Health interviews are conducted in participant’s homes. Health measurements are performed in specially-designed and equipped mobile examination centers, which travel to locations throughout the country. The study team consists of a physician, medical and health technicians, and dietary and health interviewers. All participants visit the physician. All participants receive dietary interviews and body measurements. All but very young participants have a blood sample taken and have a dental screening. Depending upon the age of the participant, the rest of the examination includes tests and procedures to assess the various aspects of health. In general, the older the individual, the more extensive the examination. All data are input into computers at the time of collection.
Information from NHANES is made available through an extensive series of publications and articles in scientific and technical journals. For data users and researchers throughout the world, survey data are available on the internet and CD. Further information about background, design, and operation are available on the NHANES https://www.cdc.gov/nchs/nhanes/about_nhanes.htm.
All NHANES surveys receive NCHS Research Ethics Review Board (ERB) Approval (https://www.cdc.gov/nchs/nhanes/irba98.htm). All of the NHANES data are de-identified, and analysis of the data does not require Institutional Review Board approval or informed consent by subjects. The NHANES program can be contacted at: Division of Health and Nutrition Examination Surveys, National Center for Health Statistics, 3311 Toledo Rd, Room 4551, Hyattsville, MD 20782-2064. Or by calling 1-800-232-4636 or by email at https://wwwn.cdc.gov/dcs/ContactUs/Form.
This study included NHANES adult participants (≥20 years of age) who were examined at a mobile examination center, who had testing of fasting glucose, insulin, and thyroid hormone levels, and were not missing data of covariates of interest. Pregnant women and individuals with cancer and thyroid disease were excluded.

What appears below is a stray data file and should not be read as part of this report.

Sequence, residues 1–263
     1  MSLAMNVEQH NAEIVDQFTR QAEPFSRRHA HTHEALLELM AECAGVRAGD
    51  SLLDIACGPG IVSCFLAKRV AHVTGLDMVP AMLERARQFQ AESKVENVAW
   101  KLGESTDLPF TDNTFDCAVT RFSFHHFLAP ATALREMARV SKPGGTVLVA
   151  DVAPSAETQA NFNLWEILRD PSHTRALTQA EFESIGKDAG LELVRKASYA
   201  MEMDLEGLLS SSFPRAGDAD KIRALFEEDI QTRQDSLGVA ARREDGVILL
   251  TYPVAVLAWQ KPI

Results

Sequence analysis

Subjects with diabetes were also excluded. The presence of DM was based on self-report or the level of fasting glucose. If a patient responded yes when asked if they had ever been told by a doctor or healthcare professional that they had diabetes, and they were taking an oral medication to lower blood sugar, they were classified as having DM. Subjects with a fasting glucose >7 mmol/L, were also defined as having DM and excluded.
The homeostatic model assessment (HOMA) was used to quantify IR1. Using the HOMA method, IR is calculated as HOMA-IR = fasting insulin (μU/mL) × fasting glucose (mmol/L) ÷ 22.51. There is great variability in the definition of IR using the HOMA, and as such in this study HOMA-IR was treated as a continuous variable in the analysis15,16.
Thyroid hormones and antibodies measured in the NHANES thyroid profile include TSH, total and free triiodothyronine (TT3, FT3), total and free thyroxine (TT4, FT4), thyroglobulin (TGN), and thyroid peroxidase antibodies (TPOab). Detailed specimen collection, processing instructions, and analytical methods are outlined in the NHANES Laboratory Procedures Manual14.
Serum thyroid hormone and antibody levels were classified into three categories: normal (within reference range), low (lower than lower reference range limit), and high (higher than upper reference range limit) based on the reference ranges described in the NHANES Laboratory Procedures Manual. References ranges were: TSH, 0.24–5.4 uIU/mL; TT3, 87–178 ng/dL; FT3, 2.5–3.9 pg/mL; TT4, 6.1–12.2 µg/dL; FT4: 0.6–1.6 ng/dL; TGN: 0–35.0 ng/mL; TPOab: 0–9.0 IU/mL.
Age, sex, and race/ethnicity were obtained from the NHANES database. Subjects were grouped by age as follows: 20–40, 41–60, and ≥61 years of age.
Poor liver function was defined as an alanine aminotransferase (ALT) level >40 U/L, or if the subject reported they had been told by a doctor or health professional that they had any kind of liver condition. Obesity was dichotomized, and defined as a body mass index (BMI) ≥30 kg/m2.